And here is a journalist from the  who has had it with adaptations of classic literature, especially Austen “who has colonised television in a way that no other dead author has managed.”  But alas!  she informs the reader that the gorgeous Rupert Penry-Jones of Spooks (MI-5 in the U.S.) and the ITV Persuasion, will play in a new television version of John Buchan’s oft-filmed The Thirty-Nine Steps.  Can’t wait!

Austenprose continues to offer us the journaling of Virginia Claire Tharrington, the intern at the Jane Austen Centre in Bath:  see her first post and this week’s.  We are all SO envious!

Jane Odiwe tells of her newest book being published by Sourcebooks next year:  Mrs. Brandon’s Invitation, a sequel to Sense & Sensibility.

Several reviews of Marsha Altman’s The Darcys and the Bingleys, are sited at Austenprose; see Jane Austen Today for an interview with the author.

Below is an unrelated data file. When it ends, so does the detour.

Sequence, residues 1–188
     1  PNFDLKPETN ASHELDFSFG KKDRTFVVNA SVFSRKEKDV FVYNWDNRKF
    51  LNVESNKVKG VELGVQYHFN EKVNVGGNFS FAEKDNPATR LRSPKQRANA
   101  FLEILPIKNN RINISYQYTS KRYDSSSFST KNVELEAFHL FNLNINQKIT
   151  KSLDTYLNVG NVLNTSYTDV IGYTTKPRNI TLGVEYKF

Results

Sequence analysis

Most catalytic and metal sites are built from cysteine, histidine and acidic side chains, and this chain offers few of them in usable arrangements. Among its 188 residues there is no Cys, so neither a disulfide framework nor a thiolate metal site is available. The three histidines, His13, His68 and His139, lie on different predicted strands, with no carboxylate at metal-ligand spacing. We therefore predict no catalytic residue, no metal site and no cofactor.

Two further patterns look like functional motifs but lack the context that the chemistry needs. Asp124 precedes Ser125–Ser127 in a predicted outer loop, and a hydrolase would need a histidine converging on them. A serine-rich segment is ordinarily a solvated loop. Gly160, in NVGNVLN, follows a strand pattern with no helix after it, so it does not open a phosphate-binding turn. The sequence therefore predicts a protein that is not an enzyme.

An article in Piecework Magazine is mentioned on Austenblog; also see the comment from the current President of JASNA, Marsha Huff, referencing a Persuasions article on the coverlet that Jane Austen, Cassandra and their mother made (the quilt now hangs in Chawton), so you, too, can make a replica of this quilt.  [See also my previous reference to the JASA article on this topic.]

Ms. Place at JA’s World continues the column with Marjorie Gilbert and her creation of a regency gown… this week is about the necessary regency undergarments.

Excellent sleuthing by Laurel Ann at Austenprose who writes “The Legend of the Lost Sequel“, about the publishing history of D.A. Bonavia-Hunt’s Pemberely Shades.  

See the article in the Western Daily Press about the Crazy for Jane movie premiere at the Bath JA Festival. The documentary tells the tale of contemporary publishers rejection of Jane Austen novels…shame on them!